Operation as a noise bridge detector

Connect a short length of coaxial cable between J1 and the "receiver" connector on your antenna noise bridge. Connect the "unknown" connector on the bridge to the feed point of your antenna.

Tunc the noise bridge detector to the ham band of interest. Then follow the directions in your antenna noise bridge manual and adjust your antenna, substituting the noise bridge detector wherever "receiver" is mentioned in the manual

Measuring antenna radiation pattern

After you have adjusted your antenna you can use this instrument as a linear field strength meter. Connect a short antenna or a remote dipoie to J L With low power applied from your transmitter to your antenna, enough to register on the meter of this instrument, either rotate the beam to check its radiation pattern, or move the detector and its antenna around the antenna, noting the meter indications at each point. The distance between the station antenna and the detector or its remote antenna should be several wavelengths at the frequency in use for greatest accuracy.

When used to indicate field strength, the lower fifth of the meter scale will be nonlinear because of diode conduction knees. However, the upper 80% of the meter scale provides linear indications, so increases and decreases in the meter indication in this upper scale portion indicate equivalent changes in radiation intensity from your antenna.

Caution!

This instrument is extremely sensitive. It is easy to pin the meter when using it in conjunction with your antenna noise bridge, and also during the calibration procedure. Use the GAIN control as ncccssary to keep the meter needle from wrapping itself around the pin!

Parts List

BTI 9-Volt alkaline battery CI 100 pF mica or poly capacitor C2 140-150 pF variable capari tor

(see text) C3 0.1 |iF disc capacitor C4 0.01 |iF disc capacitor D1,D2 Germanium diode: 1N34, 1N60, IN90, IN270, etc. J1 SO-239 UHF female connector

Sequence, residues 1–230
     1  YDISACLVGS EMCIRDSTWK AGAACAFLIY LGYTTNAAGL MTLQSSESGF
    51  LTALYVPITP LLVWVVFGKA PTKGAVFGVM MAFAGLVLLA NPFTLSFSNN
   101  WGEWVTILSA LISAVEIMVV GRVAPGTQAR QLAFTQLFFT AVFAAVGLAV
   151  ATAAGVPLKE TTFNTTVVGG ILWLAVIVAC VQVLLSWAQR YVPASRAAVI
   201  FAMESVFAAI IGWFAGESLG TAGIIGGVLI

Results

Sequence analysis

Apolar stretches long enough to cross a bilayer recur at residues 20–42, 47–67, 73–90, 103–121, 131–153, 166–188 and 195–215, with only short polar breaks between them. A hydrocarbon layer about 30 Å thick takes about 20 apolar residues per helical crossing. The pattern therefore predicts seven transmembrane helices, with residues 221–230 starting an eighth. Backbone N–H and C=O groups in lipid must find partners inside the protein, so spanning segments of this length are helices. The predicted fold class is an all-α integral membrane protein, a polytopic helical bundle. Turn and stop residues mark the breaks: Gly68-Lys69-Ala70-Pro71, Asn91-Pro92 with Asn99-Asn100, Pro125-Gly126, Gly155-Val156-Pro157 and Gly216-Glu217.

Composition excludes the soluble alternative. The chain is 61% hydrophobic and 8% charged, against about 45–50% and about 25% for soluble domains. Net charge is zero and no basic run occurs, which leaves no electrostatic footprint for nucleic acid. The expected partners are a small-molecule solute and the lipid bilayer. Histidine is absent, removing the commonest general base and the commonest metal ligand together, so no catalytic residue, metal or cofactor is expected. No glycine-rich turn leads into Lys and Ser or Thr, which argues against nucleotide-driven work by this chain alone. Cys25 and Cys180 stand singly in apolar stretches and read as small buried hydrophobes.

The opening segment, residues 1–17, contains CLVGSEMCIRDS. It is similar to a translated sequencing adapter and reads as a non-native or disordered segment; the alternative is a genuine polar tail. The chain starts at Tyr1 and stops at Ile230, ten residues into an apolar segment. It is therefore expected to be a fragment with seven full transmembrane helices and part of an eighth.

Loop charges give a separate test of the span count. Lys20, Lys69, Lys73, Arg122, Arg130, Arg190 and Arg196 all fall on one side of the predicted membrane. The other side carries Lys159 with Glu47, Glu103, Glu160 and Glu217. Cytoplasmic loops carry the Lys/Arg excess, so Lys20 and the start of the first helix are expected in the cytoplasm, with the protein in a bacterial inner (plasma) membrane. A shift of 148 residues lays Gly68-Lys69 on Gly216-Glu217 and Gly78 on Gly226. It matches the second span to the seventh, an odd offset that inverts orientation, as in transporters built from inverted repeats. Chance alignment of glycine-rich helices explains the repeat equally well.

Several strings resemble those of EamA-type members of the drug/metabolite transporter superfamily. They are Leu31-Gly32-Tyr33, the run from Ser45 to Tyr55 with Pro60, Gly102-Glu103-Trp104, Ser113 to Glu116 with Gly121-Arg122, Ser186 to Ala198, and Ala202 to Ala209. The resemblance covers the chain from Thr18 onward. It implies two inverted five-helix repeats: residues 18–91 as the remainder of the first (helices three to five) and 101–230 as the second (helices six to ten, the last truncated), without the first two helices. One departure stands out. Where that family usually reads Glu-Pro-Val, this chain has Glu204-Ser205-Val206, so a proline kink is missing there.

(or builder's choice) LI 33 turns #26 enarn, wire on T50-2 toroid (40-30 meters) L2 11 turns #26 enam. wire on T50-2 toroid (20 through 10 meters)

Ml 100 or 200 |iA meter {see text)

Q1 NPN small signal transistor; 2N2222, 2N3904, 2N4124, etc.

R1,R3 10k 5% 1/4 Watt resistor R2 1000 Ohm linear taper poten tiometer, with switch S2 SI SPOT toggle or slide switch (Bandswiteh)

Crrr's corner

Analog-to-Digital (A/D) Converters

Joseph J. Carr K41PV P.O. Box 1099 Falls Church VA 22041

Amateur radio astronomy has been a long-time favorite topic in this column. I've discussed the topic of frequencies from near-DC to daylight (literally?), tot there always seems to he more to say. One constant question, however, is how can one collect the (essentially) analog data that results and store it in a computer? The answer is to use an analog-to-digital converter {ADC or A/D),

How the DC signal is derived

The receiver used for radio astronomy observations, whether VLFt HF, or VHP, Will produce a vailing signal level according to the strength of the received signal. It is that signal level variation that you warn to record. This job requires thai the signal be converted into a DC voltage; or. more correctly, a unidirectional varying signal that looks a lot like unstable DC,

This is done by using a rectifier and integrator circuit. Like most tilings, wo can do this plain or fancy, depending on how you want it and what you want to do. Fig. 1 shows I he plain solution that I teamed from Bob Sickles and Jeff Lichtman. Jl uses a plug fPl) 10 the speaker or headphones jack of the receiver Once the receiver is tuned to the frequency being observed, the plug is inserted so that this circuit comes into play. The rectifiers consist of a half-wa\e voltage doubler made up of CI, DI and D2: C2 is also pan of the voltage douhler, but it serv es a dual role as the integrator. Capacitor CI can be \ uF tantalum, 01 some other form If the capacitor is a polarized variety, then the larity as shown should be observed. The diodes are plain vanilla 1N60 germanium diodes. These diodes arc also sold by some dealers under the designations ECG-109 and NTH-109 (these are intended Ibr the radio and television repair industry).